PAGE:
So, my friends in the diversity club want to work on other issues besides those related to gays and lesbians. I agree that we should. But right now we're ignoring the fact that the most dangerous social disease ever is running unchecked through our school. It's homophobia and it's causing our friends and brothers and sisters to consider suicide because they're gay. It's inspiring enough fear and hatred in bigots that they go and kill people just because they're gay.

Let me just say that I do believe that we should work on eliminating what little racism there is in my school. We should make sure all the racist graffiti in and around our school is eliminated. We need to study the contributions of racial minorities more. But it's not as much of a problem as homophobia. Kids don't kill themselves because they're black. I can recall only perhaps two times I've personally heard racial slurs uttered in my school-and both times got the student in question a personal visit from the principal. Yet I can't even begin to remember each and every time I've heard homophobic slurs uttered. There are so many they blur together. Every time I walk down the hall I hear them. And each time I hear them, a part of me wants to cry, to scream 'That's me you're making fun of, that's me you're degrading!' And my straight friends just don't get it. For them, I'm gay and that's that. It doesn't matter any more than me being tall matters. They can't seem to see what I do. They hear slurs and their brains are so used to hearing those words that it just doesn't register anymore.

But I'm gay and I hear words that degrade me every hour of every day of my life. I hear words that quietly batter at my fragile adolescent ego all the time. I wish they could understand that.

No, I don't want our group to get 'too gay'. There are a lot of gay people that are very obnoxious about being gay. I'm not one of them; I'm very quiet about it. If I'm talking to someone and they use the word 'fag,' I talk to them about it. I won't go around screaming 'I'm gay!' or have a rainbow-patterned knapsack. I'm much more subtle than that-reports on gay revolutionaries or writers, studying gay literature, having a sticker on my notebook for tolerance or a pride march. Nothing annoying. So I understand the 'too gay' complaint. I have it myself sometimes. But I know what needs to be done to make my school safe for gay kids. At this point, we have a lot of work to do. Racial problems are among the least of our worries. Having people attempt suicide or fall into a deep depression because they're gay are two of our greatest. But my straight friends don't understand what life is like for gay kids. They don't understand the daily dose of homophobia we have to deal with. I wish they would, but I'm not going to hold my breath. Until then, our little diversity group will fight over how 'gay' we're going to be.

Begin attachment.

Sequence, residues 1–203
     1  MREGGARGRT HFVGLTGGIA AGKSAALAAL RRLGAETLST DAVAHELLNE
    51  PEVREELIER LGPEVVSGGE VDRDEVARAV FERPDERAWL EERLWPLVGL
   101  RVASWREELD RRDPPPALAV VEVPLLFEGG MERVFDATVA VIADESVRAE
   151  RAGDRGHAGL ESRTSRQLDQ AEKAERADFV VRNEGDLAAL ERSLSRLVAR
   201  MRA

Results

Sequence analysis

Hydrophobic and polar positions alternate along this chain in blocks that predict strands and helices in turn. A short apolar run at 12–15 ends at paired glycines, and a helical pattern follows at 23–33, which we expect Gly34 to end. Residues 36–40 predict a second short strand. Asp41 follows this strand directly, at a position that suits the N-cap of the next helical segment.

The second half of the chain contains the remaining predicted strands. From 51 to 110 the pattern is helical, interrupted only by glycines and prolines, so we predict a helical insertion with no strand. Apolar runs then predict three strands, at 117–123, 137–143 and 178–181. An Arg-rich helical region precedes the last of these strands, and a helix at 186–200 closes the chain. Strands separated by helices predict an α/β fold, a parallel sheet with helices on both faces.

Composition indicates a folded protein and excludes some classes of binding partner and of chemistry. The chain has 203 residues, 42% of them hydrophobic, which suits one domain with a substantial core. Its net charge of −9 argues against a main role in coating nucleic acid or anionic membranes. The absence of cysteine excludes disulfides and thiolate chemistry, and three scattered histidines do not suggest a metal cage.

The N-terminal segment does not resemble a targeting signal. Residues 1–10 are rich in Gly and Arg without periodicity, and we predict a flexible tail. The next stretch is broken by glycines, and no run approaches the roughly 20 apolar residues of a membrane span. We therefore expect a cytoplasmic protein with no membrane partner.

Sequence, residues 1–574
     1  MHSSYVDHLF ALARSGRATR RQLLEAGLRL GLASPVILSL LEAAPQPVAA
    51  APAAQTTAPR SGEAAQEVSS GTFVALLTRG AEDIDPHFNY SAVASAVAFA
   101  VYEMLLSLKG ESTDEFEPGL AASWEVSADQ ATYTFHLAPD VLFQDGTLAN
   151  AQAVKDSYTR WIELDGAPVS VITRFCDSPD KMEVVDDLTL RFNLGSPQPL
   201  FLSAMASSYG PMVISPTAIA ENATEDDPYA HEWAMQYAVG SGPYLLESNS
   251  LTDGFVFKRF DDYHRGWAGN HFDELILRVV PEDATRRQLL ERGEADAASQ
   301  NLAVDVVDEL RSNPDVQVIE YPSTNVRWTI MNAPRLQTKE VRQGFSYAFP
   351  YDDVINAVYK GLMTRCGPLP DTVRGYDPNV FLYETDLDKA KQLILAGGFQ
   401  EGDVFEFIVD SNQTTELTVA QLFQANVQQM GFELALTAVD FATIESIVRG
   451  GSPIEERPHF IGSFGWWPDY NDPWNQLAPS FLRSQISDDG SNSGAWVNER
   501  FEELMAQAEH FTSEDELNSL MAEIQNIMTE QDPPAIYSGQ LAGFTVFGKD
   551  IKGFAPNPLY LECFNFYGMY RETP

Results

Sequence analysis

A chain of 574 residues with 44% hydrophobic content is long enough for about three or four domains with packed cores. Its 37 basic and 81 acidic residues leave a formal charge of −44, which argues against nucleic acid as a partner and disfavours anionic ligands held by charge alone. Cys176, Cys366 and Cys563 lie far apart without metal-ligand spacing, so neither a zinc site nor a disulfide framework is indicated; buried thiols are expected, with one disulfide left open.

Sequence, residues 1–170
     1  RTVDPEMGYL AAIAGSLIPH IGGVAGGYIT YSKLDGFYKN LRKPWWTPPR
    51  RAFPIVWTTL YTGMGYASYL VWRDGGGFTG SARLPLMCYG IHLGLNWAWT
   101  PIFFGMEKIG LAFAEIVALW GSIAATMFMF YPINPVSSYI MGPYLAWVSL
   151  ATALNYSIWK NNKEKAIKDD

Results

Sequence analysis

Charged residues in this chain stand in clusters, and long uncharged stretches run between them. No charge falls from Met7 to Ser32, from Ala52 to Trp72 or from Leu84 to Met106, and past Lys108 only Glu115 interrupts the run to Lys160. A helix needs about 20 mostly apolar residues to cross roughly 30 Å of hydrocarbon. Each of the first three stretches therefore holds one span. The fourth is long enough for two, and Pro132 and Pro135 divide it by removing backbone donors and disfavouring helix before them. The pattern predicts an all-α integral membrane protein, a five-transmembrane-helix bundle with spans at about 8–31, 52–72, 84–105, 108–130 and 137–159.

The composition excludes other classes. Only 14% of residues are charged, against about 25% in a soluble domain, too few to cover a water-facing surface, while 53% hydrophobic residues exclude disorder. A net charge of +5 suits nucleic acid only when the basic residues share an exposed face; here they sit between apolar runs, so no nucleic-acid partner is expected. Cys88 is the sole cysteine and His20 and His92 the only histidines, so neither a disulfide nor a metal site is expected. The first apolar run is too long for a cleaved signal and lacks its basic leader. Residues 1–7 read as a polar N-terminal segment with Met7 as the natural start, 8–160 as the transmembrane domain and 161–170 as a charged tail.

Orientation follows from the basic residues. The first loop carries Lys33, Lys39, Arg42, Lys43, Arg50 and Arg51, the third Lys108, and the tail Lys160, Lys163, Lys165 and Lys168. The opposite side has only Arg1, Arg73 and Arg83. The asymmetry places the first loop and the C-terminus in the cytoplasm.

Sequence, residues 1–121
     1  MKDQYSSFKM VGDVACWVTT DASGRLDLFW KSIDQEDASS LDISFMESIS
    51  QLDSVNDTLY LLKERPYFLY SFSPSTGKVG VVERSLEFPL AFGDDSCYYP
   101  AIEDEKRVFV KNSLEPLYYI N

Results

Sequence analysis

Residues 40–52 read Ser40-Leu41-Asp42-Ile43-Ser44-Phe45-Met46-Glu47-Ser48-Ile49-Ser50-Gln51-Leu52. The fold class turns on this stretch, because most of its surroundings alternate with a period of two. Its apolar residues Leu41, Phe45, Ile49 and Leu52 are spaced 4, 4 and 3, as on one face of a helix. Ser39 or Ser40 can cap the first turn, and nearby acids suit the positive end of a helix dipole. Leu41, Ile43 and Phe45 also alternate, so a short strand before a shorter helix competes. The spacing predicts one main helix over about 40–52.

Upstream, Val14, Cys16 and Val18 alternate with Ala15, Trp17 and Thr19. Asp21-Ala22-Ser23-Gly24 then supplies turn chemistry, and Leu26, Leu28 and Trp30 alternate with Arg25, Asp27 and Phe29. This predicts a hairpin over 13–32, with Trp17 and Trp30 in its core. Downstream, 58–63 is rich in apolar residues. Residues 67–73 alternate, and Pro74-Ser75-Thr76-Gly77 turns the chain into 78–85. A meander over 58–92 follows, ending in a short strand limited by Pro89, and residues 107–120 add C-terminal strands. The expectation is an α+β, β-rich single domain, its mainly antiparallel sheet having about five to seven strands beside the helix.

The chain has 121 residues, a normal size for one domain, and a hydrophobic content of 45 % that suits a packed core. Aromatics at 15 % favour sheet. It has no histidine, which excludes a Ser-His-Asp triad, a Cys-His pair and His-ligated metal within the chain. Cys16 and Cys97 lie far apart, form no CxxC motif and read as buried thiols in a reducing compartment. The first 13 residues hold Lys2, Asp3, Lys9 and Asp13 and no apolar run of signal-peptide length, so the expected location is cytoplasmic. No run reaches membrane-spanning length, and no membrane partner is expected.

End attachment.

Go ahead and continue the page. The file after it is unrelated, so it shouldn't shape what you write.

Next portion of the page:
For the sake of the little seventh grader who has a crush on the cute girl that sits in front of her in geography, I hope that the gay issue is our biggest concern, because I'd like that seventh grader to be alive and euphoric on her graduation day, not lying stiffly in a cold coffin six feet under or living on the streets of Boston.

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Bethany is a 17 year old lesbian from Western Massachusetts who enjoys reading, writing, and music. She attends a small public junior-senior high school in her hometown and hopes to escape very soon. You can contact her at k41632@yahoo.com or by showing up at her school and asking someone to point out the tall gay chick with-OUT the buzzed head that wears plaid every day.